In general, calibration solutions are moving toward the use of centralized databases to allow multiple users and locations to share data. And, because many organizations outsource much of their calibration needs, solutions are available that allow users to interface with their calibration vendors.

    Considerations

    When considering which calibration software solution fits your needs, thoroughly analyze prospective solutions by asking questions such as:

    • Will the software help us meet industry or customer requirements?
    • Do we need basic or expansive functionality and features in a solution?
    • How many users or locations will need access to the software?

    Organizations should also be aware of factors such as whether or not a solution supports a calibration system directly, integrates with other enterprise systems, offers bar code reading, or has the capability to expand to perform future tasks. Beyond the initial purchase cost, find out how often the software is updated, what type of support is offered, and what additional costs may be incurred, e.g., maintenance activities.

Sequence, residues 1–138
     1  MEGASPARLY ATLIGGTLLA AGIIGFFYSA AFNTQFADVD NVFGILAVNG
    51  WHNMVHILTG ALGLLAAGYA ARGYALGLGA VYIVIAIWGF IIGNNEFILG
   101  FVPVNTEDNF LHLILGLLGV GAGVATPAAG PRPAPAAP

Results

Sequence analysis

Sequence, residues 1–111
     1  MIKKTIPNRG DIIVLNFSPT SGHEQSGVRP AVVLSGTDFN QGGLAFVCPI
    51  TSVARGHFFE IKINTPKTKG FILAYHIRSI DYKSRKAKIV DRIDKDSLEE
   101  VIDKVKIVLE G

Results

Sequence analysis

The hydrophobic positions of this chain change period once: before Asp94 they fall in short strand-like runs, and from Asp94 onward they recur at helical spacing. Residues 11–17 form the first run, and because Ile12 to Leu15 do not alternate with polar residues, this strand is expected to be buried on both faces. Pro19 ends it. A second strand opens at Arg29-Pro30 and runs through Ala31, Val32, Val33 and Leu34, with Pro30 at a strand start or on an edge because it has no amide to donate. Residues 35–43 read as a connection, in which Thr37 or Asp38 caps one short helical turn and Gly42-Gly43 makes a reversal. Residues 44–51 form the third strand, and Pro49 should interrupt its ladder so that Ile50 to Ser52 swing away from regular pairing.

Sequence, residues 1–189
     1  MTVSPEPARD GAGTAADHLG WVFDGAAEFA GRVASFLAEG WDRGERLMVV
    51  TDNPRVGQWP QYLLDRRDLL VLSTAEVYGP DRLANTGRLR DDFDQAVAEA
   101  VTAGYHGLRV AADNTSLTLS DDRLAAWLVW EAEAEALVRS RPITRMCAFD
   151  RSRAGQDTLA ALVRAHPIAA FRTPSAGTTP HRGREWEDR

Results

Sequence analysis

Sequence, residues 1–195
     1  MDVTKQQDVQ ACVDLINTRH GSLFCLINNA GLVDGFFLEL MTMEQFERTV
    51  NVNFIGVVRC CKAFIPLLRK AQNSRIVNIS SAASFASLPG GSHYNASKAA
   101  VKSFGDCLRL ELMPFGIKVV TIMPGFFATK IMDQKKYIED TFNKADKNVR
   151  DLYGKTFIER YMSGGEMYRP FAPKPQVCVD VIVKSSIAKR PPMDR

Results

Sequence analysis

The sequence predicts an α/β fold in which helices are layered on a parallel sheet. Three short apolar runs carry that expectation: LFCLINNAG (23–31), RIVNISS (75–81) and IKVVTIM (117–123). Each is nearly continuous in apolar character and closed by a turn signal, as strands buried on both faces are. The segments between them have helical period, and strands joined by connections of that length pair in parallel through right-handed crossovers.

Price vs. Capability

    Calibration software ranges in price and capability, and your organization’s situation, size, throughput, and resources should dictate the product selection. Low-cost solutions are appropriate for small shops in which calibration data is needed for only one location, few instruments need calibrating, and with minimum requirements for industry compliance. These will be stand-alone solutions that offer basic gage surveillance features, calibration and measurement history, and reporting tools.

    Mid- to high-end software is appropriate for organizations looking to implement a large deployment of a common solution. Such software will be feature rich and will have advanced statistical capabilities; furthermore, it will enable multiple users and locations to share data through the use of centralized databases or a web- based architecture.